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January 2002


During the nineteenth century, law was equated with science, and legal reasoning was thought to be a species of deductive logic. Consistent with this notion, judicial opinions have traditionally been summarized in the form of syllogisms, that is, as arguments of deductive logic. More specifically, judicial opinions have been described as chains of syllogisms, reasoning from base premises to ultimate conclusions. The principal thrust of this article is to demonstrate that in hard cases, judicial reasoning proceeds not by way of deduction, but by evaluation and balancing.

Accordingly, Part II of this article compares law with science. Historically, law was considered a science and was thought to have the same underlying structure. Both law and science consist of sets of rules; both are concerned with predicting events; both legal reasoning and scientific reasoning use a framework of deductive logic to reason from general principles to particular results; and both legal principles and scientific principles evolve over time.

Over the last century, however, legal scholars have rejected the identification of law with science. The principal difference between law and science is that while science is based upon and must be reconciled with objective observations of nature, law arises from value judgments.

Part III uses the structure of the syllogism to explain the difference between easy cases and hard cases. Easy cases are governed by unambiguous legal rules of unchallenged validity; in such cases, the legal conclusion follows deductively from the applicable rule of law. However, as several scholars have noted, there are two kinds of hard cases: cases where the applicable rule of law is ambiguous in relation to the facts of the case (questions of ambiguity), and cases where it is uncertain what the applicable rule of law is (questions of validity). Ultimately, all hard cases, both questions of ambiguity and questions of validity, are resolved in the same manner, by resort to the fundamental categories of legal argument. This exposes a second fundamental difference between law and science: while science is grounded in a single source (observations of the physical universe), law springs from multiple sources (text, intent, precedent, tradition and policy), which often give rise to legitimate but conflicting interpretations of the law.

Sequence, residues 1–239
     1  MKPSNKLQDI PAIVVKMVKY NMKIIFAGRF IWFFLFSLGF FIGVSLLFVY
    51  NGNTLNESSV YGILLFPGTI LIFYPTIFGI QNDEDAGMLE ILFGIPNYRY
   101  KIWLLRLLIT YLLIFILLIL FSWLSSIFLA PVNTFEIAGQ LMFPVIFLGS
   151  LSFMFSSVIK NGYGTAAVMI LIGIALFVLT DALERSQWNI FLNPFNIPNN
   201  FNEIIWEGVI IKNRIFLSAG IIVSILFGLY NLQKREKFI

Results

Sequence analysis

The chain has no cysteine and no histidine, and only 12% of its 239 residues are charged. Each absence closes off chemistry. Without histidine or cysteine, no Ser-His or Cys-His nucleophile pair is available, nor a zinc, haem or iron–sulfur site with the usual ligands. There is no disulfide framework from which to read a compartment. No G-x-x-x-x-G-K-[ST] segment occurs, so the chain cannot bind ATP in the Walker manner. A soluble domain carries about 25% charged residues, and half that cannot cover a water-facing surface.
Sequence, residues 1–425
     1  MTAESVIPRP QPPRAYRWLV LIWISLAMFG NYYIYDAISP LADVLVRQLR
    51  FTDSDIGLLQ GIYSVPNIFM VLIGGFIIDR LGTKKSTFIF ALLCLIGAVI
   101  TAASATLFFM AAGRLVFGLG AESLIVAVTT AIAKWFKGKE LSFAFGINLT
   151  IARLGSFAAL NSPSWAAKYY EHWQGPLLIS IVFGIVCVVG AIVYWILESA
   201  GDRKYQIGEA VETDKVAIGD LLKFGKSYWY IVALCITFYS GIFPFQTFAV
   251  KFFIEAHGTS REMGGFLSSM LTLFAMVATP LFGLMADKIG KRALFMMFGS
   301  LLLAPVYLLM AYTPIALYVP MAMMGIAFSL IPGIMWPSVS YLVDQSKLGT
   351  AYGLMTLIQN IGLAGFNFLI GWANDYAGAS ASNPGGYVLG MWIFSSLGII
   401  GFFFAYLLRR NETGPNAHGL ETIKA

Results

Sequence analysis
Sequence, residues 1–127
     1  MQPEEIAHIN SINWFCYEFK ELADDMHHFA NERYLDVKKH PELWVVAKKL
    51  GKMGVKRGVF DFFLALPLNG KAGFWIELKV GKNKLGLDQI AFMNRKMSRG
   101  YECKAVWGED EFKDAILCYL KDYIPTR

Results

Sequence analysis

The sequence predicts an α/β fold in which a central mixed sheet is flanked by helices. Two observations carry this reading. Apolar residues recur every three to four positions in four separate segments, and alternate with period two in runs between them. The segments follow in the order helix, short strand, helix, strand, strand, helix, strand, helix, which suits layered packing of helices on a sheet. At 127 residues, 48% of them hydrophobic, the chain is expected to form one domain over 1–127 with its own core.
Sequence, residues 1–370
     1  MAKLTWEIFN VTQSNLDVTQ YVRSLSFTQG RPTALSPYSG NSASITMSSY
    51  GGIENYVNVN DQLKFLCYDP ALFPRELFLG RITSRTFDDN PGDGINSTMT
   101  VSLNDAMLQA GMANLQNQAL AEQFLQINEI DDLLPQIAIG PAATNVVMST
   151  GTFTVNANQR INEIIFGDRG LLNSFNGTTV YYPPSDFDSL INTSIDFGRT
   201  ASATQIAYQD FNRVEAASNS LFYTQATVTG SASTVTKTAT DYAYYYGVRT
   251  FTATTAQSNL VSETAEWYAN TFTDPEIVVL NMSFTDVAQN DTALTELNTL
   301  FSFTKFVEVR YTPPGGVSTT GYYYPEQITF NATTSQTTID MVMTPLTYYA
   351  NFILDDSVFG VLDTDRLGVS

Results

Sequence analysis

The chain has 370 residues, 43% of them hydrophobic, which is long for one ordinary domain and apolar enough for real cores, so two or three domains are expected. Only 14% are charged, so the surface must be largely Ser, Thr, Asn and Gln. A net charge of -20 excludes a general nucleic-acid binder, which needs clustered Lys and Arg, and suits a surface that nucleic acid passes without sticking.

Part IV describes the use of the syllogism in analyzing judicial opinions. Case briefs are not mere syllogisms?they are chains of syllogisms ("polysyllogisms"), in which the conclusions of syllogisms earlier in the chain supply the premises of syllogisms that are later in the chain. Questions of ambiguity arise when the minor premise of a legal argument is challenged, while questions of validity represent a challenge to the major premise of a legal argument. At the base of each chain of syllogisms are premises about the law. The base major premises of each chain of legal reasoning consist of the five types of legal argument, while the base minor premises are the specific items of evidence of what the law states. The polysyllogistic approach thus serves as a formal proof of the pluralistic nature of legal reasoning.

Part V illustrates the limits of syllogistic reasoning by demonstrating how judicial reasoning in hard cases proceeds not by deducing conclusions from factual premises, but rather by evaluating the weight of competing arguments. Furthermore, rather than a "chain" of syllogisms, a more appropriate metaphor for legal reasoning is a "cable" of arguments that acquires persuasive force from the confluence of the different types of argument. Ultimately, the persuasiveness of a legal argument depends upon its susceptibility to attack within each category of legal argument and upon the relative weight accorded to the different categories of legal arguments in the context of the particular case.

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Santa Clara Law Review

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